Today was a very sad day. Today, one of our participants in the Nutrition for HIV-Exposed Infants, Daphrose, passed away at the age of 39. To meet Daphrose, you would never know of the traumas she faced in her life. She was always smiling and laughing. The joy with which she played with her daughter was so very touching. She jumped at the opportunity to learn how to make baskets and banana leaf cards, although her true dream was to return to secondary school.
What is not clear from meeting Daphrose are the losses that she carried with her. The first hint is within her home. She lived with her two brothers, and her sister next door, in a relatively new ‘umudugudu’. The home is large and well-made, although strangely lacking in furniture. There are wires that travel up the wall to an imaginary light bulb, but no electricity. The story is that her mother died when Daphrose was young. Her father lived in this home with his children, until a few years ago, when he packed all of the furniture (as well as the family’s lone solar panel) and moved to another community to begin a new family. Through this experience, the brothers and sisters became even closer and supported one another through the challenges that they faced.
When Daphrose became pregnant for the first time, she thought this would be the opportunity to give her daughter what she had lacked. Sadly, this child was born with HIV and died shortly after she was born. She celebrated when her second child was HIV-. But, in a terrible twist of fate, her second child also died. This time, the cause was unclear but thought likely to be due to malnutrition after Daphrose stopped breastfeeding. When her third child was born, she was absolutely determined to avoid the tragedies of the past. She took her HIV medications diligently, followed all of the recommendations for breastfeeding, and joined our pilot group to ensure that her daughter would not develop malnutrition when she stopped breastfeeding. Indeed, her daughter thrived! She is HIV-, and did not suffer the complications of malnutrition as her other child had.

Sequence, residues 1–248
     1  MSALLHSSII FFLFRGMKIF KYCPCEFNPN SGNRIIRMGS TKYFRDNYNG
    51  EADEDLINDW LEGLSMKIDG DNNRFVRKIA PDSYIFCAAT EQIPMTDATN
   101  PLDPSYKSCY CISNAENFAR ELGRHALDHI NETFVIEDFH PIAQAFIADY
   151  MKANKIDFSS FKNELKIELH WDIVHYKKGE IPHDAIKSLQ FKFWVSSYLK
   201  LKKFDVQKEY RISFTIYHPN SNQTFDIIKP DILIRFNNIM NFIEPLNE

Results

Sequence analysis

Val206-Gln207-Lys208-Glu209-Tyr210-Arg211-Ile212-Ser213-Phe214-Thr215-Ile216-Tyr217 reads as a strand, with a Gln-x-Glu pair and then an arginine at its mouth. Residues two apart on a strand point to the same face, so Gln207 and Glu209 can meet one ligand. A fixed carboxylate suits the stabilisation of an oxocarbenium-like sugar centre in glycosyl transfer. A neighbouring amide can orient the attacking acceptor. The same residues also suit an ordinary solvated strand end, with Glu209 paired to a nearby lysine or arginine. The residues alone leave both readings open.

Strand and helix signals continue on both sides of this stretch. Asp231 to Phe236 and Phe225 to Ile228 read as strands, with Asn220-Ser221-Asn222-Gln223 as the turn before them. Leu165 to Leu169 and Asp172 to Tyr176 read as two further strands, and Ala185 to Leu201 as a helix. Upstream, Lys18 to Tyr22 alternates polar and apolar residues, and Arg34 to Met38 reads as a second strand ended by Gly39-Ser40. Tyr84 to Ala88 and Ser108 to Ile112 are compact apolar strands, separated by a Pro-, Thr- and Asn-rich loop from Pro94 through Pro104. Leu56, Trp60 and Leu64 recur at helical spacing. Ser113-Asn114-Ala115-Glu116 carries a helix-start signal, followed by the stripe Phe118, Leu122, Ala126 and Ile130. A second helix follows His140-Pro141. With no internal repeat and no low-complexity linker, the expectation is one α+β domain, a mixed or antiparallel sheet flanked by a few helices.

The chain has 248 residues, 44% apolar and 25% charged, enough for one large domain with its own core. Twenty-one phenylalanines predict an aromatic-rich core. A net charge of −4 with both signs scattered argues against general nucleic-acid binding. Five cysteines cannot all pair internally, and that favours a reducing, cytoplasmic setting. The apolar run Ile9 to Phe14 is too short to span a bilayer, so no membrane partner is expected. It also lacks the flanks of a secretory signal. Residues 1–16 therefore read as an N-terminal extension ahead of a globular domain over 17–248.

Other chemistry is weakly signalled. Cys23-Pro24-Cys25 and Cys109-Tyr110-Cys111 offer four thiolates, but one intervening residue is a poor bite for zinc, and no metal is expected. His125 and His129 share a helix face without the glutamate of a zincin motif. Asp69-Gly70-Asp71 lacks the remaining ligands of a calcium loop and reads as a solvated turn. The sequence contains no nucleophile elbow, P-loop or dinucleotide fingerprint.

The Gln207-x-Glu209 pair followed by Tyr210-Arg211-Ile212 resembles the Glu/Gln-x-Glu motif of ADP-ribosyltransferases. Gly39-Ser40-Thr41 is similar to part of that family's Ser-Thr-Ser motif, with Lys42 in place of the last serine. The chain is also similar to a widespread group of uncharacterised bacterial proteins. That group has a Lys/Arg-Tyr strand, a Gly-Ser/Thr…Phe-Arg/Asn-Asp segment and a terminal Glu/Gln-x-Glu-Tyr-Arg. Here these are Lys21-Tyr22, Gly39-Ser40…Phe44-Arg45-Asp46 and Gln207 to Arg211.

Life was looking good for Daphrose and her young daughter! Tragically, in January, Daphrose became very ill. She went to the hospital, where she was found to have an invasive form of pelvic cancer that is caused by the wart virus (HPV) and is stimulated by HIV infection. She was sent to the referral hospital in Kigali, only to be sent back to Ruli with the news that nothing could be done. Daphrose was in the hospital for 3 months before passing away from this aggressive cancer. Throughout her hospital stay, her sisters of the Ihangane Artisan Association visited her daily to provide food and emotional support.
Her terrible loss is a reminder that there is still so much work to be done. Her passing weighs very heavily on our entire team, her family, her fellow program participants, and co-workers at Ihangane Association. Especially for the Rwandans who must watch these tragedies every day, it feels as though when they find a way to “plug one hole”, they lose someone to another hole. Despite this, their faith and perseverance carry them through and they continue to do their best. In Rwanda, I often hear “you must try” and “you can do your best”. For those like Daphrose and her daughter, we must try and continue to do our best.
Written on May 17, 2011 and posted later due to lack of internet access in Rwanda.